Always carry some glucose tablets (also known as dextrose tablets) with you. Take 15 grams of glucose tablet at first sign of hypoglycaemia, wait for 15 minutes and re-check your blood sugar level. If you are not feeling better or if your blood sugar level is still low (less than 4 mmol/L or 70 mg/dL), take another 15 grams of glucose tablet.
If you don’t have glucose tablets, you may take any of the following:
- 1/2 cup (120 mL) of juice or regular soda (not diet)
- 1 tablespoon of sugar, honey, or corn syrup
- hard candies, jellybeans, or gumdrops (not sugar-free)
Get medical help should symptoms did not improve after second serving.
Semaglutide may cause hypoglycaemia (low blood sugar) and dizziness. If affected, do not drive or take part in any activity in which you need to be alert.
Other side effects include any of the following: nausea, vomiting, diarrhoea, indigestion, constipation, stomach wind, decreased appetite, and tiredness.
Some side effects may need immediate medical help. Alert your doctor quickly if you experience any of the following:
- rashes, breathlessness, swelling of the face, eyes, mouth or throat
- severe pain in the stomach or back that does not go away
- changes in vision e.g. blurred vision
- hoarseness, lump or swelling in the neck, trouble swallowing, shortness of breath
Inform your doctor if any of these side effects do not go away or are severe, or if you experience other side effects.
Inform your doctor and pharmacist if you are taking or using any of these medicines:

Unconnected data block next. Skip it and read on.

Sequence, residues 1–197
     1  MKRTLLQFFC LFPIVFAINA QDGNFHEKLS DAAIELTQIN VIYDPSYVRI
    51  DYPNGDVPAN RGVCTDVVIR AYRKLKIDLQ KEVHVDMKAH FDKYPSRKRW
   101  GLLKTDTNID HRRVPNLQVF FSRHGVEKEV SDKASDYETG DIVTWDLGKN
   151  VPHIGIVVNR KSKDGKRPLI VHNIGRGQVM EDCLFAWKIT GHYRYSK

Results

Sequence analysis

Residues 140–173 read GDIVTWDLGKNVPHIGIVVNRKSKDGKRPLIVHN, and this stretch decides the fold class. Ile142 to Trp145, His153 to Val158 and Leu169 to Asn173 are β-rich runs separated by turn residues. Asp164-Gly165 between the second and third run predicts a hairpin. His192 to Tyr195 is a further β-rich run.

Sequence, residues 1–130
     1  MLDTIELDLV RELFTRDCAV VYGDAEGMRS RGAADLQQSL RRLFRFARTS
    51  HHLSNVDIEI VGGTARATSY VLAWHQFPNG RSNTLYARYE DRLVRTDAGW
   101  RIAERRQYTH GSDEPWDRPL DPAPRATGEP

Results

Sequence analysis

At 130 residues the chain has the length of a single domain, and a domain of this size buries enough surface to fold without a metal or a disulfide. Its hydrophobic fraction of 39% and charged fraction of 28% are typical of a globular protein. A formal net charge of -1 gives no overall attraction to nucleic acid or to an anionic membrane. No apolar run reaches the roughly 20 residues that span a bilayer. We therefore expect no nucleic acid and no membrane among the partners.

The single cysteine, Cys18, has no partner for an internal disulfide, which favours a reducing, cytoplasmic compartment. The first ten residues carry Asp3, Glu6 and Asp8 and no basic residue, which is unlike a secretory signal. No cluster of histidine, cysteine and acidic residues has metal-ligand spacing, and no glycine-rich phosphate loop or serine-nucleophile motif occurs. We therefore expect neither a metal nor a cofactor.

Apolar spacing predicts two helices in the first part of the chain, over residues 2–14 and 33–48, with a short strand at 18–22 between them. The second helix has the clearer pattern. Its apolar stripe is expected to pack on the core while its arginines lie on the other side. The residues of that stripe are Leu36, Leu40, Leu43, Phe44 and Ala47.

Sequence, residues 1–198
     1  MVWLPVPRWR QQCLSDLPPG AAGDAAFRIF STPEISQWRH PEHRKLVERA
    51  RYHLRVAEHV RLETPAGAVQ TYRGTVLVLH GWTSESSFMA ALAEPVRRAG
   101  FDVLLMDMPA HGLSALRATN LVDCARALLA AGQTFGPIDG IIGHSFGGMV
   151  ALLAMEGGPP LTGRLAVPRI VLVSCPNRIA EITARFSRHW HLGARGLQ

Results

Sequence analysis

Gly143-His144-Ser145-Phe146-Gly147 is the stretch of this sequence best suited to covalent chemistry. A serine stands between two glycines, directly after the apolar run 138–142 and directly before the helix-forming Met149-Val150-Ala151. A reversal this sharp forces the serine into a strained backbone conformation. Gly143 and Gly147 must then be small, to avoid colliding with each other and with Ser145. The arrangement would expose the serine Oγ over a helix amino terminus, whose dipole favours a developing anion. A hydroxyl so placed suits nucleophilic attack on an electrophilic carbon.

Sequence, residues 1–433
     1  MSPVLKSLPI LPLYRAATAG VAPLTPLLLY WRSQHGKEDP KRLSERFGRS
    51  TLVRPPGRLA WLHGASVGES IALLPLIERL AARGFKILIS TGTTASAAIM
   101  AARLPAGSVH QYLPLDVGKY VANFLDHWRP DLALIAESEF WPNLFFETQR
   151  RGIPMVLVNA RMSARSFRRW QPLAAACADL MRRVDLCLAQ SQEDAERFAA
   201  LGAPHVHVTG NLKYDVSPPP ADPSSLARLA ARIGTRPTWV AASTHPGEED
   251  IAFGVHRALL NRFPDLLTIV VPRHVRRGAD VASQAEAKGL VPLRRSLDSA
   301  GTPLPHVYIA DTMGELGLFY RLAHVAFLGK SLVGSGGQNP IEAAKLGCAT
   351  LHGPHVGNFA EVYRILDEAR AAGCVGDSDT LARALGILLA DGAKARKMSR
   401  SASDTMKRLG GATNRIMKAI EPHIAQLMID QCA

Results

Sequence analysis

- other medicines for diabetes e.g. insulin, glimepiride, glipizide, glibenclamide
- levothyroxine (medicine for thyroid disease)
- paracetamol (medicine for mild pain or fever)
This list does not include all medicines that may interact with Semaglutide.
Always notify your doctor and pharmacist if you are taking any other medicines, including herbal tonics such as traditional Chinese medicines, supplements and medicines that you buy without a prescription.
It is important for you to maintain a healthy diet and weight in order to help keep your diabetes under control.
It may be helpful to discuss your diet plan with your doctor or dietitian to manage your weight and blood sugar levels.
If you have not yet opened it, store Semaglutide in a refrigerator between 2-8°C.
Once opened, this medicine may be stored at room temperature between 15-30°C or in a refrigerator between 2-8°C away from direct sunlight.
Do NOT freeze otherwise it will become less effective and should not be used.
Keep the pen capped when not in use, away from light, excessive heat or direct sunlight, and from the reach of children.
Medicines must not be used past the expiry date.